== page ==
In Wisconsin, researchers from the University of Wisconsin–Madison and several Department of Energy laboratories identified two changes to a single gene that can make yeast tolerate pretreatment chemicals during biofuel production.
The toxicity involved in pretreatment chemicals is enough to make the yeast as much as 70 percent less efficient at turning sugar into biofuel, a crippling loss for an industrial process. But researchers looked at 136 yeast isolates and found one strain with outstanding tolerance to ionic liquids. They screened DNA sequences from this strain and identified a pair of genes key to surviving the otherwise toxic pretreatment chemicals. One of the genes, called SGE1, makes a protein that settles in the yeast cell membrane and works as a pump to remove toxins.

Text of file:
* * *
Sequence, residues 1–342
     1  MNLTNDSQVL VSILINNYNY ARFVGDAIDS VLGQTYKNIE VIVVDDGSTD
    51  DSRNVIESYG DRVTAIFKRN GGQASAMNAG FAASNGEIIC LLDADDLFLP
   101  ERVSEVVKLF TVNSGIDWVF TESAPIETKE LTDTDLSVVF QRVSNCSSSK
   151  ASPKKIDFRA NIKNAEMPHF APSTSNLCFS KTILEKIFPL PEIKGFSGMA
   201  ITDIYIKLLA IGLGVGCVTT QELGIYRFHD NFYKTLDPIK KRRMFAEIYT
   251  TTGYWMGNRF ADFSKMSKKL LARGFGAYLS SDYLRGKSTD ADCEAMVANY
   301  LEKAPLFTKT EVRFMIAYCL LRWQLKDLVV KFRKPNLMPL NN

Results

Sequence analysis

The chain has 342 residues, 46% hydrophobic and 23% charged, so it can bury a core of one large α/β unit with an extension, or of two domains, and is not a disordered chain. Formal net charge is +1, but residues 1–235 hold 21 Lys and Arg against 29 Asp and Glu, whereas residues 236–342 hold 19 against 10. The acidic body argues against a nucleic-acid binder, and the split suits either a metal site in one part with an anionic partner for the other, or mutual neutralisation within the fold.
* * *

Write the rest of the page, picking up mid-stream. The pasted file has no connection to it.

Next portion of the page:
A change of just two individual nucleotides among more than 12 million that make up the yeast genome are enough to increase the production of those cellular pumps and protect yeast from ionic liquids. The researchers used the gene-editing tool CRISPR to alter a strain of an ionic liquid-susceptible yeast, introducing the two single-nucleotide changes and successfully producing a yeast that can survive — and ferment — alongside amounts of ionic liquid that are normally toxic.